Trump backs lunar spaceport but axes new space telescope and education

NASA is to put a spaceport in orbit around the Moon to send humans back to the lunar surface, and to Mars and beyond. But President Trump has ordered an end to government funding of the International Space Station and cancelled a new space telescope, WFIRST.

NASA’s concept for a refuelling station orbiting the Moon to act as a gateway to other destinations. Image credit: NASA

Called the Lunar Orbital Platform-Gateway, the Moon’s new space station will be a departure point for missions further out into space. NASA’s $19.9 billion budget, set out by Trump, allows for the launch of a power and propulsion element to orbit the Moon as the first stage in building the new gateway.

Announcing the proposals, acting NASA Administrator Robert Lightfoot said: “This budget codifies the President’s Space Policy Directive-1, which charges us to ‘lead an innovative and sustainable campaign of exploration that will lead the return of humans to the Moon for long-term exploration and use followed by human missions to Mars and other destinations.’

“In short, we are once again on a path to return to the Moon with an eye toward Mars.”

President Trump’s FY 2019 NASA Budget Request will pull government funding out of the International Space Station, which NASA operates in conjunction with Russia and other nations.

Instead, NASA will have to try to turn what are called low-Earth orbit operations over to private companies.

It has sparked fears among scientists that the station could switch from being a valuable laboratory studying the effects of space of humans to a space hotel for rich visitors.

The plan also cancels a flagship mission to launch a new $3.9 billion space telescope designed to study dark energy (which could make up 70 percent of the Universe), exoplanets, and infrared astrophysics.

The Wide Field InfraRed Survey Telescope (WFIRST) was intended to fly a six-year mission, launching in the mid-2020s. Its mirror would have been similar in size to Hubbles, but it would have had a field of view 100 times greater and measured light from a billion galaxies.

An artist’s impression of how the WFIRST telescope would have looked in space. Image credit: NASA

Lightfoot’s statement said: “Our robust scientific activity will include missions to Mars; lunar surface missions that leverage commercial capabilities; diverse Earth and planetary missions; and spacecraft to study the Sun and how it influences the very nature of space.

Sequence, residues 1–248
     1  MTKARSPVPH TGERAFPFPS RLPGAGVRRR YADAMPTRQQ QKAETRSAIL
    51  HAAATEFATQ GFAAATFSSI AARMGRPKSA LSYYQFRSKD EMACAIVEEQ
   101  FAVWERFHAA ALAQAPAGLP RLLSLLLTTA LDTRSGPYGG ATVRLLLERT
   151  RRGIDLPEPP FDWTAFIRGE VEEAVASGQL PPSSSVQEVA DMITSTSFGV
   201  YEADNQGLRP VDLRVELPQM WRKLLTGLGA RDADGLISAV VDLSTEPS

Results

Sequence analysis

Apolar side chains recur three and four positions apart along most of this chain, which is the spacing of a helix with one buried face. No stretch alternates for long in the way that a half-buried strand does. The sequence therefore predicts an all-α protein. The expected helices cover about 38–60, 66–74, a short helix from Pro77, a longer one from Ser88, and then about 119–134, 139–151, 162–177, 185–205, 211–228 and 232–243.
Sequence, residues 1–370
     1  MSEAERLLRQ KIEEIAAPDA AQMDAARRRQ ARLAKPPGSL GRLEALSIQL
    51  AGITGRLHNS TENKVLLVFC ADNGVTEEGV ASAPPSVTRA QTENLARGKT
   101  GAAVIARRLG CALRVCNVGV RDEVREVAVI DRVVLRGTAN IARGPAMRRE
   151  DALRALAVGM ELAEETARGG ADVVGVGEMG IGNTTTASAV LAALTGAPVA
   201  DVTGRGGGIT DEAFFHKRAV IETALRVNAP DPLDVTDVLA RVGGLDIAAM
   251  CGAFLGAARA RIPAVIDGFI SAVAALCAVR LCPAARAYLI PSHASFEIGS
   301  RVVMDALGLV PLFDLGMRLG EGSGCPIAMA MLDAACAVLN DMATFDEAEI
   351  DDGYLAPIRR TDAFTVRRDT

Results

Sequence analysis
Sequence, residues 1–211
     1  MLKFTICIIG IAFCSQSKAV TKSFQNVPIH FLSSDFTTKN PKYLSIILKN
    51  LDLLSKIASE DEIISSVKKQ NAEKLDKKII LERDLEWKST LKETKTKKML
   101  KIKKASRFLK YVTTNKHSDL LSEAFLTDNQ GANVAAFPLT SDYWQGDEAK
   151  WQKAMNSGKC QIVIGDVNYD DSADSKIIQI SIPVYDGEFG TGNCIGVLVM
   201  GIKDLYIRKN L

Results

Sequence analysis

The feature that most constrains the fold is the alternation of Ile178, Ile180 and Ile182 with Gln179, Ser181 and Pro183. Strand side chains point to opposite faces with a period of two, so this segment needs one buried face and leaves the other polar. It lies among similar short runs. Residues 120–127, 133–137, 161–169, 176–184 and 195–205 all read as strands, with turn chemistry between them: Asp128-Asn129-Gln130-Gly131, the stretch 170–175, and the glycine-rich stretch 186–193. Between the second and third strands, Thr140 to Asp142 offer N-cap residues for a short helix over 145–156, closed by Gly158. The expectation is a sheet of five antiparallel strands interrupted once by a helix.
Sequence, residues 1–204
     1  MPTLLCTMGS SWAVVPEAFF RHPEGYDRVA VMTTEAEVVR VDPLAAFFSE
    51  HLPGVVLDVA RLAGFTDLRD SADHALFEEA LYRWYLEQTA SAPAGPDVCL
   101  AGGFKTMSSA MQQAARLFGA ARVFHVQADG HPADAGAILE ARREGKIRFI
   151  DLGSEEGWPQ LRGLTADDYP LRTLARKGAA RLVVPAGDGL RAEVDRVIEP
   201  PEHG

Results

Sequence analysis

“Powerful observatories will study other solar systems and their planets and peer back to the dawn of time through other galaxies.”

“One hard decision we had to make was the proposed cancellation of the WFIRST mission in astrophysics and to redirect those resources to other agency priorities.

The budget will also remove funding from NASA’s Education Office. The agency has a fantastic reputation for promoting its activities, and space knowledge in general.

Lightfoot said: “While the budget does not provide funding for an Office of Education, NASA’s mission successes will continue to inspire the next generation to pursue science, technology, engineering and mathematics studies, join us on our journey of discovery, and become the diverse workforce we’ll need for tomorrow’s critical aerospace careers.

“We will use every opportunity to engage learners in our work and the many ways it encourages educators, students, and the public to continue making their own discoveries.”

Related: NASA shortlists new space missions

Lightfoot said: “This budget proposes for NASA to ramp up efforts to transition low-Earth activities to the commercial sector, and end direct federal government support of the ISS in 2025 and begin relying on commercial partners for our low-Earth orbit research and technology demonstration requirements.”

Of the spaceport orbiting the Moon, he added: “This will give us a strategic presence in the lunar vicinity that will drive our activity with commercial and international partners and help us further explore the Moon and its resources and translate that experience toward human missions to Mars.

“Further, drawing on the interests and capabilities of our industry and international partners, we’ll develop progressively complex robotic missions to the surface of the Moon with scientific and exploration objectives in advance of human return there.

“As before, the Space Launch System rocket and Orion spacecraft are critical backbone elements for this effort and for moving farther into deep space. Their momentum continues this year toward the first integrated launch of the system in fiscal year 2020 around the Moon and a mission with crew in 2023.

“Technology drives exploration, both human and robotic, and helps us solve problems in space and on Earth. We will focus on applications of technology toward deep space exploration, and innovative ways to further our goals from concept to testing and flight.”

NASA’s announcement was welcomed by leading figures in commercial spaceflight. Robert Bigelow, head of Bigelow Aerospace, said: “The new budget is Earth-shattering news in the space world. There are multiple pathways that can energize exciting opportunities ovetr the next few years.

“Bigelow Aerospace applauds the focus on commercial partnerships for low Earth orbit and lunar exploration and stands ready to partner with NASA and othrs – in new and exciting ways that we will announce in the near future.”

Related: Obama axes NASA’s return to the Moon


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